Mayor Eric Garcetti is expected to release his proposed budget for the 2020-21 fiscal year Monday after warning Los Angeles will reduce some services and furlough many municipal employees for about a month.
LOS ANGELES (KABC) -- Mayor Eric Garcetti has released his proposed budget for 2020-21, recommending substantial service cuts and employee furloughs to deal with the fiscal turmoil created by the coronavirus pandemic.
"I've never before hesitated to assure you that our city is strong, but I won't say those words tonight,'' Garcetti said in his State of the City address Sunday night. "Our city is under attack. Our daily life is unrecognizable. We are bowed and we are worn down. We are grieving our dead, but we are not broken nor will we ever be.''
The new budget includes a hiring freeze that is in place now and will be extended into the next fiscal year, which begins July 1. Civilian employees are being asked to take 26 furlough days without pay over the next fiscal year, the equivalent of a 10% reduction in pay.
Los Angeles has already borrowed $70 million from the city's Special Funds and Reserve Fund to front the costs related to our COVID-19 response. Garcetti said some of that money will be reimbursed by the state and federal governments.
The city expects to face a loss of $230 million in tax revenue.
"From a fiscal perspective, this is the worst it's ever been,'' Garcetti said, saying the coronavirus impacts dwarf those seen after the Sept. 11, 2001 terror attacks and 2008 recession.
Unions representing city employees are unhappy about the furlough plan.
"We cannot call these men and women heroes and then turn around and attempt to balance the budget on their backs," said Bob Schoonover with SEIU Local 721.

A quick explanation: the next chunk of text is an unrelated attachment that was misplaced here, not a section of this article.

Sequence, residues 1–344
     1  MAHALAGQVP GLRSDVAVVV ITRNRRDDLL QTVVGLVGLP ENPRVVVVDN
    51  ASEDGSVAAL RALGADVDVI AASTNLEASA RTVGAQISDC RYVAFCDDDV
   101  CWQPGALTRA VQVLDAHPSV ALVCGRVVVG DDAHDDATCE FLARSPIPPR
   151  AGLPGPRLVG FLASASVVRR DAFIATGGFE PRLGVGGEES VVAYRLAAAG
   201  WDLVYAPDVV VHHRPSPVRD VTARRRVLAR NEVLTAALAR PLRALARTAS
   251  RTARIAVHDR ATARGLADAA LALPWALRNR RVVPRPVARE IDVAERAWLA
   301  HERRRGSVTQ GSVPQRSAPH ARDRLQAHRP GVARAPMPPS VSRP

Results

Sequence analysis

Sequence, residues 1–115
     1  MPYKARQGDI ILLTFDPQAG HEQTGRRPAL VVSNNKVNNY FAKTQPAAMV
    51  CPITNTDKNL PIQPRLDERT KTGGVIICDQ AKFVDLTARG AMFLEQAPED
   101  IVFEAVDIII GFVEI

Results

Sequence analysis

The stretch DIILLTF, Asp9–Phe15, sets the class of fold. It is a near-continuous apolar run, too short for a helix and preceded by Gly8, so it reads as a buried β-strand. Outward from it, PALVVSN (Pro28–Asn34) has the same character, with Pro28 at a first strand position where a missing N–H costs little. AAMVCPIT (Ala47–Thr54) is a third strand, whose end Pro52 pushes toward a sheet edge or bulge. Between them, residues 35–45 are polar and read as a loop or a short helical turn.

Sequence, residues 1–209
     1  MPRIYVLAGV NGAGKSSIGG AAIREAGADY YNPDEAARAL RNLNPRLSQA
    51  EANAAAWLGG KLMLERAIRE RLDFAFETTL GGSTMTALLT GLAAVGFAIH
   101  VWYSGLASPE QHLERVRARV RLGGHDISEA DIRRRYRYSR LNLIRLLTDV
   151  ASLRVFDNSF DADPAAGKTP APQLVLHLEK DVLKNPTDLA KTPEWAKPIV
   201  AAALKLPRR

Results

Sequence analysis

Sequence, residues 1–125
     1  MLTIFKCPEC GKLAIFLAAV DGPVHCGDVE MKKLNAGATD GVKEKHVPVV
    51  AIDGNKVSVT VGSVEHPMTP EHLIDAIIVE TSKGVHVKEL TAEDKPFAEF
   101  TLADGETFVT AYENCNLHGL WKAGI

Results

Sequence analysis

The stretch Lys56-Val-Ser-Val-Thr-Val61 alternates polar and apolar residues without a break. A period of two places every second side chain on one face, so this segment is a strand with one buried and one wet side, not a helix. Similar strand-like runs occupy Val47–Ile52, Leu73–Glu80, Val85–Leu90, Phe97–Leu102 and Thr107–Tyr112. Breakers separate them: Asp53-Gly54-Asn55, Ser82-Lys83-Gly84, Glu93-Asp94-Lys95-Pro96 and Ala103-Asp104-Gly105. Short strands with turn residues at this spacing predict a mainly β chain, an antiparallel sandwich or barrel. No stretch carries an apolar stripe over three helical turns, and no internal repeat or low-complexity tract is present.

City revenues have plummeted and hotel reservations have collapsed, according to Garcetti. One of the biggest declines in revenue the city has experienced is through its airports, which have seen a 95% reduction in air traffic, as well as tourism and entertainment industries, which have been temporarily shuttered. The Port of Los Angeles has also been operating at about 75% to 85% compared to last year since the pandemic affected global trade.
The mayor noted that the city has built up formidable reserve funds in recent years, but even with those rainy day funds, the revenue shortfalls caused by widespread business shutdowns, a virtual halt to tourism and spiking unemployment will have repercussions at City Hall. Garcetti said his 2020-21 budget proposal will be "a document of our pain.''
"Soon, many departments will have to operate at sharply reduced strength,'' he said. "Cherished programs will lose funding, while recreational and community services will see significant changes. We'll have less to spend on removing graffiti and caring for our urban forest.''
He stressed that budget cutting will largely spare critical services, such as police and fire protection and other services that "keep our neighborhoods safe, our streets clean, our families housed and our children and seniors fed.''
The mayor said the test for Angelenos and the nation will be how they come back to daily life once the pandemic subsides, and he referred to quotes from former President Franklin D. Roosevelt as the U.S. clawed its way out of the Great Depression.
"That spirit we have felt each night at home and across our neighborhoods and across this city, that is the spirit that must move our economic recovery and our commitment to heal an unjust world,'' Garcetti said.
Garcetti's budget proposal is available on the mayor's website.
City News Service contributed to this report.